Ah, the elusive perfect blowout. We walk out of the salon and look like actors on a shampoo commercial, but after that first wash—forget about it. That amazing blowout is gone. Is it even possible to blow dry your hair like a professional in the comfort of your own home?
Turns out, it's easier than you might think. With just a few simple steps and the right tools, anyone can learn how to blow dry their hair just like their favorite stylist.
The Tools You Need
One of the secrets to a good blowout is the tools you use. For the best results, try a quality hair dryer that is at least 1800 watts. If you have thick hair, opt for one over 2000 watts. Look for a dryer with heat and speed control too, so you can adjust the settings as you go. A good blow-dryer is worth the investment because it can prevent damage and give you the result you're looking for.
Your brush choice is just as important and can determine your style. If you're going for some curl, choose a round barrel brush that matches the size of curls you want. For sleek, straight hair, pick up a flat paddle brush and be sure your dryer has a nozzle attachment to target the air flow.
A good styling product is one of the main keys to the perfect blowout. It adds body to fine, limp hair, and is essential for keeping frizz at bay if you have thick, curly hair. Plus, products can actually help to prevent hair from getting oily.
Apply your favorite product to towel-dried hair, making sure to distribute it evenly throughout your hair. It's important to use a heat protecting spray as well to shield your hair from the high temperatures of the dryer.
Pre-Dry Your Hair
You have a few options when it's time to pre-drying your hair. Your ultimate goal is to get your hair 75 to 80 percent dry before going in with your brush to style it.
You can either let your hair air dry until it reaches that level of dryness or, if you are short on time, use a dryer to remove excess moisture before you start the blowout. Bend over at the waist, flip your hair over, and dry it at the roots.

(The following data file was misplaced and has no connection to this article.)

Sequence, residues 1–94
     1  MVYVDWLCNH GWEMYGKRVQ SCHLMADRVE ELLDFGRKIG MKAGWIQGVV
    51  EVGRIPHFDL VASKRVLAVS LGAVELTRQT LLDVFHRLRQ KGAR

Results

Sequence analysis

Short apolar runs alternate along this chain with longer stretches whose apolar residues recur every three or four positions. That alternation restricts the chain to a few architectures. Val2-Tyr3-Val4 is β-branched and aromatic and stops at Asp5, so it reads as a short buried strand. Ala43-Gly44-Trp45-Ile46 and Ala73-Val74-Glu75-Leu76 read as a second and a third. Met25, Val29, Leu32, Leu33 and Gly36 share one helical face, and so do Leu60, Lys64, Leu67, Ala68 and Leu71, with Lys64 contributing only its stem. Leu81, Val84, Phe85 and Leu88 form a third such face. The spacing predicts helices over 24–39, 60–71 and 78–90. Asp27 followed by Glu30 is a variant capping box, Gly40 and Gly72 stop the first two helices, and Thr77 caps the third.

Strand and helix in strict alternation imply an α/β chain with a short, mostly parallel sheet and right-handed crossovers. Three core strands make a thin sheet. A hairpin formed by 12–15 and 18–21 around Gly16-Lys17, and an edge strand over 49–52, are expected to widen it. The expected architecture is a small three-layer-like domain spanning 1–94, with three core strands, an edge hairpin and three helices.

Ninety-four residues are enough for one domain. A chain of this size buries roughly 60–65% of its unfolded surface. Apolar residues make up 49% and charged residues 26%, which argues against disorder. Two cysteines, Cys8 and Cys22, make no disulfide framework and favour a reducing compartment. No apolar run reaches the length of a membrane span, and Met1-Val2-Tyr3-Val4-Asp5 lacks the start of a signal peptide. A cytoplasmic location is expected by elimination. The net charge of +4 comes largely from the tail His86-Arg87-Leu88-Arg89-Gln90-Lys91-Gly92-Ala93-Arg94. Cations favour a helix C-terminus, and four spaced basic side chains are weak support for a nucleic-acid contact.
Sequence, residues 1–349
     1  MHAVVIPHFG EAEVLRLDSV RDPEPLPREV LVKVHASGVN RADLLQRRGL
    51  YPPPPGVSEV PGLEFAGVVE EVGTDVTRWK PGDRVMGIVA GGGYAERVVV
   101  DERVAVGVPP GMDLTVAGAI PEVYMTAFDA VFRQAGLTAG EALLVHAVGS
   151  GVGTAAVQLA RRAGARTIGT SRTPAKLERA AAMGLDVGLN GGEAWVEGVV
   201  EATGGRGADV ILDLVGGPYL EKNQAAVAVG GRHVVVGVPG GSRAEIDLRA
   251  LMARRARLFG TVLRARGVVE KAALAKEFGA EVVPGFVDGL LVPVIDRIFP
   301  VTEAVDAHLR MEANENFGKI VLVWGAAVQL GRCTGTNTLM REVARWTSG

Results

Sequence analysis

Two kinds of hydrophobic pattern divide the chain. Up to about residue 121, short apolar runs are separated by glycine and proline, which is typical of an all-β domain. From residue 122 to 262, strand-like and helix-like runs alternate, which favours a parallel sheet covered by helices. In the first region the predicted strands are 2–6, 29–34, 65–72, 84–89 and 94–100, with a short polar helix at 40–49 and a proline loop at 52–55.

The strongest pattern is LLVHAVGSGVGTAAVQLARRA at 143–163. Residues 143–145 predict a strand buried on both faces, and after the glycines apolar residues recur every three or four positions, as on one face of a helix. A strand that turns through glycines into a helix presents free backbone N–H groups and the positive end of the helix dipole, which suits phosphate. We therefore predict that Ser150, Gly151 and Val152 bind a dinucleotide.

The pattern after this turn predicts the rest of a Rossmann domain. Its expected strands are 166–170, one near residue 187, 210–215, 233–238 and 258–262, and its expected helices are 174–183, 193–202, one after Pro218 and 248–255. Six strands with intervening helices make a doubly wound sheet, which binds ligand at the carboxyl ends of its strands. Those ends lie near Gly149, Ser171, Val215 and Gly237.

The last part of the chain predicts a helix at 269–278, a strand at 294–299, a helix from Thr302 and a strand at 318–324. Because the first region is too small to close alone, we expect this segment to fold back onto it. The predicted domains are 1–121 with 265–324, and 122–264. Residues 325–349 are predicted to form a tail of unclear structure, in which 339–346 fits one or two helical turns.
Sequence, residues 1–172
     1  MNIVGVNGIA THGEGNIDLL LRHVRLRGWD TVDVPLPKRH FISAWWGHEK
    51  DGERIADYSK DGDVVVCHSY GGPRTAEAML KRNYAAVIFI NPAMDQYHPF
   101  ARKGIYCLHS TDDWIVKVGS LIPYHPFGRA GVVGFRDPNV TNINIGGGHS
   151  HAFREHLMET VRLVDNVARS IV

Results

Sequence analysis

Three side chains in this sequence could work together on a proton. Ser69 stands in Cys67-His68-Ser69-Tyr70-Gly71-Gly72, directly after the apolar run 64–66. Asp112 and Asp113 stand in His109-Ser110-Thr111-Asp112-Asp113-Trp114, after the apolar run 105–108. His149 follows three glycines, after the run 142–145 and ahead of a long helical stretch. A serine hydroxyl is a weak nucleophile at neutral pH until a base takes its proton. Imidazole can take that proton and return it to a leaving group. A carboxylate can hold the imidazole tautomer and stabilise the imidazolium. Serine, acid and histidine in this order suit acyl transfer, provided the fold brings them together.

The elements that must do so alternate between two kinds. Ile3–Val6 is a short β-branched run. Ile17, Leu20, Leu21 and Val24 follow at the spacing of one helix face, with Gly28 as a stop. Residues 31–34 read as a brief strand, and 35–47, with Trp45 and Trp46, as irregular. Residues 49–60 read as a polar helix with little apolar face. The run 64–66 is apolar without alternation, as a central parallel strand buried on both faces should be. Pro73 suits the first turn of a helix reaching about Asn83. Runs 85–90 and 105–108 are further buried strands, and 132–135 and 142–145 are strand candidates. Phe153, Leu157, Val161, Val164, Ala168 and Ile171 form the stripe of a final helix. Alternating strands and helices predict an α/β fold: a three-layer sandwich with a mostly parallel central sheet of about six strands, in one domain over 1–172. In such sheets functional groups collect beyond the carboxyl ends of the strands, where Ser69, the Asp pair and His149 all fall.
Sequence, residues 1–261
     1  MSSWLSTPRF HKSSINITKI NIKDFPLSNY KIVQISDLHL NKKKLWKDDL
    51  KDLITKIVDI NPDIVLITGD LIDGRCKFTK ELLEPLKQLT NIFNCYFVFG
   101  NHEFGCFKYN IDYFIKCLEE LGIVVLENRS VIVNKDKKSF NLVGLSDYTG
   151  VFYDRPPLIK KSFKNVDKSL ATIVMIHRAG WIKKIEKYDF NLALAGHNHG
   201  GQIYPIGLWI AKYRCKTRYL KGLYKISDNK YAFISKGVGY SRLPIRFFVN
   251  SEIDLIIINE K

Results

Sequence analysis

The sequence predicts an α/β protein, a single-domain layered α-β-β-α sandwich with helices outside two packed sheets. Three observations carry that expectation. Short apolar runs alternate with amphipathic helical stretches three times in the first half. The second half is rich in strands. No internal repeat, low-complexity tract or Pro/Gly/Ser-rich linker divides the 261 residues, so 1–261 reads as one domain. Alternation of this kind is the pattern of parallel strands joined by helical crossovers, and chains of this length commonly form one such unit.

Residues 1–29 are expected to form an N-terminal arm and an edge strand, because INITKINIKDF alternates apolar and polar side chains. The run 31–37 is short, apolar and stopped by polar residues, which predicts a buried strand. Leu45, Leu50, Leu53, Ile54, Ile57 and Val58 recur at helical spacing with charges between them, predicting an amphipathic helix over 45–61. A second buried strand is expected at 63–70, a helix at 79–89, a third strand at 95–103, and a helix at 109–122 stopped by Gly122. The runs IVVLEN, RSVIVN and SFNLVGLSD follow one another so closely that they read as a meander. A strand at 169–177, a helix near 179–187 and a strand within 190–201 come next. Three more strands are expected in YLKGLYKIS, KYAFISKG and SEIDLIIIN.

If you have bangs, dry them right away because the shorter hairs dry the fastest. Use your brush to give them an initial style so they're easier to control later.
Separate Hair Into Sections
Divide combed hair into sections and secure it with clips. Winding hair into mini buns—two in the back and one on each side—often works well. If you have very thick or heavy hair, try dividing each of your sections into a bottom and top layer to help manage the blowout. Leave one section out to start with.
Find Your Position
One of the secrets to the salon blowout is that your stylist stands behind you so they can get the blow dryer at the perfect angle. This is a little trickier when you're working on your own head, so you'll have to play around with it until you find what works. Many stylists recommend sitting down so your arms have some support and don't get tired out before you're done.
Start With Your Fingers
It's time to actually begin the blowout. Stylists always start with their fingers to get at the roots. "A brush can only get so close," says Manhattan stylist David Dieguez. Starting at the roots, pull your fingers through your hair. Pull hair out a few inches and hold it while using the dryer to dry the section.
Use Your Brush
Now that your roots are dry, it's time to move on to the brush of your choice: the barrel for curls or the paddle for straight hair. Pull the brush through your hair as you blow-dry. Follow the brush closely with the nozzle and keep pointing it down onto the hair.
Pull Hair Taut as You Dry
As you start your blowout, it's helpful to keep your hair as taut as possible as you work. When you hold your hair tight with the brush and get the dryer at the right angle, you're two steps closer to perfecting the technique.
Dieguez offers a great tip in Lucky Magazine, "Imagine there's a point six inches in front of your nose. Stretch the hair toward that point as you dry. It sounds crazy, but when you're done, the tips won't flip under or up—they'll just sort of fan out over your shoulders."
If you have wavy or curly hair and are going for a straight look, it's even more important to keep your hair taut. As you pull the brush through your hair, follow the brush closely with the dryer and concentrate it just on the hair in the brush. As you dry your hair, always point the nozzle of the dryer down the hair shaft—never up. This seals the cuticle and helps prevent frizz.
Twirl Hair for Extra Body
To give your hair natural waves and body, dry your hair in three-inch sections, twirling the hair with your barrel brush as you go. Think about it as if you're using the brush to create a spiral of hair. Make sure to twirl the front pieces away from the face, not towards it.
Lock in the Style
The last step of each section is to pull your hair taut with the brush and blast it with cool air from your dryer to set the style. Continue through all sections and finish with hairspray or a shine serum for a blowout that looks like you just left the salon.